Because at the time of the actual launch of the boxed set record companies didn't "allow" musicians to be credited on each other's albums, it took another thirty years to finally credit George's great friend Eric Clapton whisking his way through the many songs. In admiration for the Beatles' arty Apple venture, Harrison recorded "Apple Scruffs" as a tongue-in-cheek nod towards his own songwriting within the Beatles history. In fact, disc two mainly includes "normal" songs with maybe "Hear Me Lord" leaving the predictable mould. Including some tasty organ probably courtesy of Billy Preston (the only man ever to play both with the Beatles and the Rolling Stones! (and Syreeta!) what a lucky bastard indeed!) this song neatly blends blues and gospel together. Based on the main theme from "Congratulations" George and friends leave behind their serious mask and start to act funny during the short "It's Johnny's Birthday" which neatly blends into the jam "Plug Me In." This stompin' rocker includes Jim Gordon, Carl Radle, Bobby Whitlock, Eric Clapton, Dave Mason and, of course, good ol' George. And what a steamin' rocker this is, almost resulting in "Johnny Be Good." It's the kind of jam which could go on and on and on and ? With Klaus Voorman stepping into the shoes of Jack Bruce, Cream is augmented with Billy Preston and George Harrison in order to deliver the bluesy rocker "I Remember Jeep." Main attractions here are indeed Ginger Baker and Eric Clapton, helped by some spacey synth sounds as if Hawkwind were occupying the studio next door! "Thanks For The Pepperoni" is yet another of those jams where you know where it starts yet you're completely unaware of when it will ever stop. Maybe the band just performed it as a thank you for the pizzaboy who knows? The set closes with a very lengthy, slower bluesy, jazzy jam called "Out Of The Blue" incorporating some juicy sax as well as an ongoing repetitive rhythm section augmented with Gary Wright on keys. It's nothing more than warming up in the studio prior to when the real recording starts yet it delivers some sparkling moments.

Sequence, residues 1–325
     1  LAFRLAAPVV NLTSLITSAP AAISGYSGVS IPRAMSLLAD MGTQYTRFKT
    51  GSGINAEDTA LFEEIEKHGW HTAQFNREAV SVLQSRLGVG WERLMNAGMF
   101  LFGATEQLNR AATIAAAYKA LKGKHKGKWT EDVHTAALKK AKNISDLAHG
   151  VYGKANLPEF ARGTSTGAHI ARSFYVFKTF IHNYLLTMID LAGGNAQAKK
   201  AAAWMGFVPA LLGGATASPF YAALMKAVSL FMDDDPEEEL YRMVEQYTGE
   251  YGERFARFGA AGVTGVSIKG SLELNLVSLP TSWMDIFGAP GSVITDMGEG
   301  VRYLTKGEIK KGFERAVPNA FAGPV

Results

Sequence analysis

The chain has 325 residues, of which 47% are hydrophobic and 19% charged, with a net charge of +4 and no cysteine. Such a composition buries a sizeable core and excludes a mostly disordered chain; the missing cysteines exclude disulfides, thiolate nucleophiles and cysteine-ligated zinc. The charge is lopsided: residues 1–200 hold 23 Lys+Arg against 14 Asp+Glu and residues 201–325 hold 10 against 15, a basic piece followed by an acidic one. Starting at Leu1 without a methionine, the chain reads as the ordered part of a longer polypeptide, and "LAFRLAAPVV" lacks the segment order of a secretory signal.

All in all a wonderful re-release which sounds as fresh as if it was recorded yesterday. Boasting superb packaging this release now has to become a must have if you're a Beatles collector but also Clapton fans won't be disappointed. In the end maybe the entire package should have been credited to George Harrison and Friends. All Things Must Pass, and pass they did ? with flying colours!

George Harrison passed away on November 29, 2001.

George Harrison - All Things Must Pass


Tracklisting:
Disc One: I'd Have You Anytime (2:57) / My Sweet Lord (4:37) / Wah-Wah (5:35) / Isn't It A Pity (7:08) / What Is Life (4:22) / If Not For You (3:29) / Behind That Locked Door (3:05) / Let It Down (4:57) / Run Of The Mill (2:51) / Bonus Tracks : I Live For You (3:36) / Beware Of Darkness (3:20) / Let It Down (3:55) / What Is Life (4:22) / My Sweet Lord (2000) (4:58)

Disc Two: Beware Of Darkness (3:48) / Apple Scruffs (3:04) / Ballad Of Sir Frankie Crisp (Let It Roll) (3:46) / Awaiting On You All (2:45) / All Things Must Pass (3:44) / I Dig Love (4:54) / Art Of Dying (3:37) / Isn't It A Pity (Version Two) (4:45) / Hear Me Lord (5:48) / Bonus Tracks : It's Johnny's Birthday (0:49) / Plug Me In (3:18) / I Remember Jeep (8:05) / Thanks For The Pepperoni (5:32) / Out Of The Blue (11:13)

Musicians:
Ringo Starr, Jim Gordon, Alan White - drums, percussion
Klaus Voormann, Carl Radle - bass
Gary Wright, Bobby Whitlock, Billy Preston, Gary Brooker - keyboards
Pete Drake - pedal steel guitar
George Harrison, Eric Clapton, Dave Mason - guitar
Bobby Keys - tenor saxophone
Jim Price - trumpet
Badfinger - rhythm guitars & percussion

Discography:
Wonderwall Music (1968)
Electric Sound (1969)
All Things Must Pass (1970/2001)
Concert For Bangladesh (1972)
Living In The Material World (1973)
Dark Horse (1974)
Extra Texture (1975)
Best Of George Harrison (1976)
George Harrison (1979)
Somewhere In England (1981)
Gone Troppo (1982)
Cloud Nine (1987)
Traveling Wilburys - Vol 1 (1988)
Best Of Dark Horse (1976-1989) (1989)
Traveling Wilburys - Vol 3 (1990)
Live In Japan (w/Eric Clapton) (1992)
Brainwash (2002)
The Dark Horse Years 1976-1992 (box set) (2004)

The Dark Horse Years 1976-1992 (DVD) (2004)

Genre: Rock

Origin UK

Added: March 15th 2001
Reviewer: John "Bobo" Bollenberg

Artist website: www.georgeharrison.com
Hits: 2053
Language: english